Elkridge, Maryland

Zip Code: 21075

Location: 39.20 N, 76.75 W, which puts it at the eastern end of Howard County, Maryland.

About the name: Elkridge refers to the Elk Ridge, a line extending from Doughoregan Manor in the west to Oakland Mills in the south.

History: In 1608, John Smith (of Jamestown fame) traveled up the Patapsco River, and landed along the Elk Ridge. This landing was about as far up the river as anyone could navigate. No settlers came to the immediate area until 1687 when Lord Baltimore granted puritan Adam Shipley land close to the landing site. Eventually, a small dock was built at Elk Ridge Landing, which quickly became a convenient point for central Maryland farmers to ship hogsheads of tobacco.

Even though the landing was moderately busy from farm trade, the dock didn't really come into its own until the early to mid 1700s, when iron manufacturing became a big industry in the area. The port owes much of its success to Caleb Dorsey, who established the Elk Ridge Furnace in 1750. Dorsey's desire to ship his products to England helped grow the seaport to one of the busiest in the state.

In the 1830s construction began on the Thomas Viaduct, which would connect the Howard County side of the Patapsco River to the Baltimore County side. The viaduct was large enough to prevent destruction from flooding, and provided a permanent, nearby link for trade by rail to Baltimore.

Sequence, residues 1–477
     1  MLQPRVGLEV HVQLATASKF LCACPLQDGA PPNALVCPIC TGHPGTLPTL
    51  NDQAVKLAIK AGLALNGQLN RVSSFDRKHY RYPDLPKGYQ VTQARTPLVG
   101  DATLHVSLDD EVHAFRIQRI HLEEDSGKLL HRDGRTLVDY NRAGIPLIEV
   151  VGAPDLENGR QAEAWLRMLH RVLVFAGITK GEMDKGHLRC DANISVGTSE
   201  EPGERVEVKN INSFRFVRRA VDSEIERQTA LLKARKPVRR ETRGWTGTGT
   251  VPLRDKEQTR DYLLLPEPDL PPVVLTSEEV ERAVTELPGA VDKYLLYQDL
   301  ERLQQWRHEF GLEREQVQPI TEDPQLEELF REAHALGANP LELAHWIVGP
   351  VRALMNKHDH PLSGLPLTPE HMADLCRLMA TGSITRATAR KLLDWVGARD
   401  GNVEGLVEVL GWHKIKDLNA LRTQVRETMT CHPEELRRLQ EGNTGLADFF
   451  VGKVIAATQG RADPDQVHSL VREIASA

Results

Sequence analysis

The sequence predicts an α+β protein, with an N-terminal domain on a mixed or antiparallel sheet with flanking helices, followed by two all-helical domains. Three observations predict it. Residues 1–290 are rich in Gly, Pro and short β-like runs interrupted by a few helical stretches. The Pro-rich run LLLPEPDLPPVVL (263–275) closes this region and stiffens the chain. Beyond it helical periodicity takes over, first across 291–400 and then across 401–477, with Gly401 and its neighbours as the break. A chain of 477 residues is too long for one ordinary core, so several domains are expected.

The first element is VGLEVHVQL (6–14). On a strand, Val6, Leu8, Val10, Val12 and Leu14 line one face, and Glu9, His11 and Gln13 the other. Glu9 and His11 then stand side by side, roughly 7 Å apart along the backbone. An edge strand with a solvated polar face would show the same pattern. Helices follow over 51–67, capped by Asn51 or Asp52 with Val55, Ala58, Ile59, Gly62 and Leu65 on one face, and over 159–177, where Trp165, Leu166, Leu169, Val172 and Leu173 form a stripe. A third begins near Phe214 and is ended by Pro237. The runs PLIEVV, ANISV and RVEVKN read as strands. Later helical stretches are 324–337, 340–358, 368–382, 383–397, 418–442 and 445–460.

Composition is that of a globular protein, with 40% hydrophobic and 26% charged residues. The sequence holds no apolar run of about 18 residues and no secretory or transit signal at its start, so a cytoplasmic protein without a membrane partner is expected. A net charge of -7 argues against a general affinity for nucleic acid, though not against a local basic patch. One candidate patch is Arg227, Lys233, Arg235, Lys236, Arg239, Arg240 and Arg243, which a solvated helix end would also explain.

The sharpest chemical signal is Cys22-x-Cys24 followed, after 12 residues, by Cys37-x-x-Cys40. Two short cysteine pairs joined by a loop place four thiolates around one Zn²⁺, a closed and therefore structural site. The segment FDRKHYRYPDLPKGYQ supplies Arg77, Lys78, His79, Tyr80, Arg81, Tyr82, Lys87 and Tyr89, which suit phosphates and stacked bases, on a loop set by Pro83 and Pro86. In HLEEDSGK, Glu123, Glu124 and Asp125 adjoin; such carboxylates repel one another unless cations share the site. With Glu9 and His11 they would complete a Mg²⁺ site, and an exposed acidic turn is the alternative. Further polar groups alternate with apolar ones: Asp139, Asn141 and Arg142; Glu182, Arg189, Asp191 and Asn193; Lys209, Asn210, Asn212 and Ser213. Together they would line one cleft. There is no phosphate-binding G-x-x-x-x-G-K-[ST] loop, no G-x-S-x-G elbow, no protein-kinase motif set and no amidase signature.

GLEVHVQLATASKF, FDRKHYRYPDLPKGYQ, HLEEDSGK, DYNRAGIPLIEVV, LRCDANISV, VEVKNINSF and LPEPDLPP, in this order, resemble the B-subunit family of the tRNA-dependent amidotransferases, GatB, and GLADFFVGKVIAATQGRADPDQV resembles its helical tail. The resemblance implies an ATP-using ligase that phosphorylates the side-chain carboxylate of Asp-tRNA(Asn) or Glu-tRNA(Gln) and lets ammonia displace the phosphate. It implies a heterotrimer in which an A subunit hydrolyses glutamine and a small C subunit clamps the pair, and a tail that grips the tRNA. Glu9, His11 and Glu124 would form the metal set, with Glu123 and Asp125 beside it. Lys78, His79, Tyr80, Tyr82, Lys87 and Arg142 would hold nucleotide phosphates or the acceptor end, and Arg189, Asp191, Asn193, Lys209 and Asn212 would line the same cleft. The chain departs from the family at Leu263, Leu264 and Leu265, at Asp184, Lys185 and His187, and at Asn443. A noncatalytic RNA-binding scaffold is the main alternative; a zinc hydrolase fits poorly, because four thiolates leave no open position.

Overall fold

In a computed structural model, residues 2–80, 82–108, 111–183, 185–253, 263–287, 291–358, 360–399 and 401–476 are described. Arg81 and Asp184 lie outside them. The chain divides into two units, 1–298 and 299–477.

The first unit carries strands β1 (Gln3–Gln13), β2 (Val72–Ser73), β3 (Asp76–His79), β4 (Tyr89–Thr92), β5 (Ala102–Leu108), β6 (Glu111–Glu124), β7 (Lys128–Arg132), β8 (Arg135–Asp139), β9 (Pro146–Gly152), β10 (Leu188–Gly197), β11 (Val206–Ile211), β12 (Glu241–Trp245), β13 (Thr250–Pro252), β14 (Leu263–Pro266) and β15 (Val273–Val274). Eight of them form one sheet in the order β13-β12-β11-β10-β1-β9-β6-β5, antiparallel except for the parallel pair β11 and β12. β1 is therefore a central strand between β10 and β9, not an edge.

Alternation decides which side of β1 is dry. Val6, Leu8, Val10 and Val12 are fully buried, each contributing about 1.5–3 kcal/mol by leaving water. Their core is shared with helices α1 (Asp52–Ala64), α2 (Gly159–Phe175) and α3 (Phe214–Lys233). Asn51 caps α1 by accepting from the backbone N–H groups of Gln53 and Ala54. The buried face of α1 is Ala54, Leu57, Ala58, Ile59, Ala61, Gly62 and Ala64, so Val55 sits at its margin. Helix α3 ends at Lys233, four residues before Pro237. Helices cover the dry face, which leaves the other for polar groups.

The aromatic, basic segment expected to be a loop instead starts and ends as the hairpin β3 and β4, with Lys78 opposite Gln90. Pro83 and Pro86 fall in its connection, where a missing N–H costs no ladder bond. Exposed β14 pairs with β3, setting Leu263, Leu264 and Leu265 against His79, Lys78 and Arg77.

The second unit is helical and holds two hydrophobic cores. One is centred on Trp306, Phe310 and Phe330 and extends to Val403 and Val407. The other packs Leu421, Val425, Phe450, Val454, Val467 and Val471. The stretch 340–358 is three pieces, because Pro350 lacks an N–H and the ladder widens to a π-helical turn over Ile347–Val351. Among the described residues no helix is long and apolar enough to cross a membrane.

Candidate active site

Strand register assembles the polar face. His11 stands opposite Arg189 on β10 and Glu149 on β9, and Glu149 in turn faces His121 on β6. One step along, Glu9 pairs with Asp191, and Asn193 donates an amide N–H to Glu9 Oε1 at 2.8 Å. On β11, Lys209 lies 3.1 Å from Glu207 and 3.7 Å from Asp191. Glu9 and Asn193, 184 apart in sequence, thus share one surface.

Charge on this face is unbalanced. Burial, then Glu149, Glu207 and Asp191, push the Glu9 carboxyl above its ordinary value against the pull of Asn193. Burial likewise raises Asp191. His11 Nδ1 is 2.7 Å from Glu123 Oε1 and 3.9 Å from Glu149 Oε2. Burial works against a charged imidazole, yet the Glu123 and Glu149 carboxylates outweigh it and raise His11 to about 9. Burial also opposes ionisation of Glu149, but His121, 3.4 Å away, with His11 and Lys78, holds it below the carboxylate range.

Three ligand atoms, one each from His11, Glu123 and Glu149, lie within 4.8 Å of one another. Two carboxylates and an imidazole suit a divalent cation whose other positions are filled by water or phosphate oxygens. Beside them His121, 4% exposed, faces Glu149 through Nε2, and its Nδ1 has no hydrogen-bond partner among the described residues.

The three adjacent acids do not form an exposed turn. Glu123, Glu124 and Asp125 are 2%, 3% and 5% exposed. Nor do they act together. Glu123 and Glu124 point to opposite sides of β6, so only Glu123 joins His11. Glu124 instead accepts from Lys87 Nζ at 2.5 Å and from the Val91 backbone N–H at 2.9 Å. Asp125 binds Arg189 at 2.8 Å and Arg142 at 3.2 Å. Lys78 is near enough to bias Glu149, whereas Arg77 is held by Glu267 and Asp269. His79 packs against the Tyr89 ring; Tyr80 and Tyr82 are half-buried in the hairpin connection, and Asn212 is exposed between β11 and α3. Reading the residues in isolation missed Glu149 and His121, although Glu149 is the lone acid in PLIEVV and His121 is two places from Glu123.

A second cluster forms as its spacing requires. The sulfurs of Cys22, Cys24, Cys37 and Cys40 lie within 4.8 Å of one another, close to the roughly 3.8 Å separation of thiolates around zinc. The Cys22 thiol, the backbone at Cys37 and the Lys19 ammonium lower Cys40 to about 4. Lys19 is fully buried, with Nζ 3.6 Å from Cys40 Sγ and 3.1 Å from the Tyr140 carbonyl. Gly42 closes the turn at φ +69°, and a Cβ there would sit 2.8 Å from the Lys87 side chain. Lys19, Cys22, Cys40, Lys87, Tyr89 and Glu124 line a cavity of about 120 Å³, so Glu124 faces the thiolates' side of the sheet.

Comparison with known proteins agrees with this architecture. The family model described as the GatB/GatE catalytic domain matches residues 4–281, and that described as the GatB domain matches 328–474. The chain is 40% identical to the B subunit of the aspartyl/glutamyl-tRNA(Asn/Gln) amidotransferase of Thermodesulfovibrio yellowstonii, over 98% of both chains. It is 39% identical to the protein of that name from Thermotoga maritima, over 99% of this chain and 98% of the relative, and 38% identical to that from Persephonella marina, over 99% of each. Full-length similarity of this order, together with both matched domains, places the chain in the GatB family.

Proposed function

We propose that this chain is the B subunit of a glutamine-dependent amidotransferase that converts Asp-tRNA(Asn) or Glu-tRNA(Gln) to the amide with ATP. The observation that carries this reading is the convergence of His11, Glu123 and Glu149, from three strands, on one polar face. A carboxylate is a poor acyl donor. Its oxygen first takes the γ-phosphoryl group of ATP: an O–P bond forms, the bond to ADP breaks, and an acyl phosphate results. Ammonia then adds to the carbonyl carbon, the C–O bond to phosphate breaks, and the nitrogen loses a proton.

Ground trade became much more important for the community as sea trade declined. A combination of factors led to the decline of the iron industry and the closure of the Elk Ridge Furnace in the late 1880s. Tobacco farms also began to decline as farmers focused on different crops. Meanwhile, as more people moved into the area and more farms began to develop, silt accumulated in the Patapsco and it became much harder for ships to navigate the river. It wasn't much longer before Elk Ridge Landing closed its docks, and the community simply became known as Elkridge, Maryland.

Elkridge Today: Modern Elkridge is actually a fairly small community, compared to other areas in Howard County. There are several historic sites that tourists come to visit, including the Elk Ridge Furnace and the Elk Ridge Tavern. It's still a very scenic area, and has been spared a lot of runaway development because of Patapsco Valley State Park, which runs alongside the town.

Information for this node taken from what I dimly remember from school, and from the Howard County website. Please /msg me if there is anything horribly incorrect here.


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